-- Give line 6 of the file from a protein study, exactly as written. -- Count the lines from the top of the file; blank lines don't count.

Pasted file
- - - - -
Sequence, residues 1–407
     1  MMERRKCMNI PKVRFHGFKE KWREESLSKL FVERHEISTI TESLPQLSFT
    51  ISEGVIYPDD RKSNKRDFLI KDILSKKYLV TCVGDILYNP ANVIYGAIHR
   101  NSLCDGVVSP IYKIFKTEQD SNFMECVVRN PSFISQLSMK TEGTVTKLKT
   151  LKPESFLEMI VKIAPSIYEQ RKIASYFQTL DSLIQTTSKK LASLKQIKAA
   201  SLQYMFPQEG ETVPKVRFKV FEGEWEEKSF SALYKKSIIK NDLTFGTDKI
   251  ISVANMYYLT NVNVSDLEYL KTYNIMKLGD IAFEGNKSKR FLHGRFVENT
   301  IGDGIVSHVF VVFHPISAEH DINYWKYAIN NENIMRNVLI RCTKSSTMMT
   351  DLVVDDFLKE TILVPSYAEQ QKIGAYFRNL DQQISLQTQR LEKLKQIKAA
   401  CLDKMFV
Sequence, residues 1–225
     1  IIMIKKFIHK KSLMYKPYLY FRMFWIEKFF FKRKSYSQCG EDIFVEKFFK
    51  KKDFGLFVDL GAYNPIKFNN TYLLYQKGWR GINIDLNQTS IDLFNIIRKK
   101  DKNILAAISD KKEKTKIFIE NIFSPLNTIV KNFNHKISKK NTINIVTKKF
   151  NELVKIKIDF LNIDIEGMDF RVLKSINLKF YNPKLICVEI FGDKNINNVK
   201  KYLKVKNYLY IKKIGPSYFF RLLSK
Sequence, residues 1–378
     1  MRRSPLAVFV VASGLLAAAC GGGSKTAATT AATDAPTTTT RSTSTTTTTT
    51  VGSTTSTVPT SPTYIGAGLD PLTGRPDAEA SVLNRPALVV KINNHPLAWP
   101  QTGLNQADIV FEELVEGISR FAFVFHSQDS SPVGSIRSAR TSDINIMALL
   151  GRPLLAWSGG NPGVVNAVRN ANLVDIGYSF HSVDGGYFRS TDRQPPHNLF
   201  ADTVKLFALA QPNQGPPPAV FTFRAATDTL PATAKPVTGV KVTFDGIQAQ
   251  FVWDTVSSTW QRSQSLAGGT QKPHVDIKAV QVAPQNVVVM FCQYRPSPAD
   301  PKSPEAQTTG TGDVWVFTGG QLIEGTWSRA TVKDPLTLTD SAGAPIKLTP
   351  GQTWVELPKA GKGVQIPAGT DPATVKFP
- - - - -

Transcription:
   201  SLQYMFPQEG ETVPKVRFKV FEGEWEEKSF SALYKKSIIK NDLTFGTDKI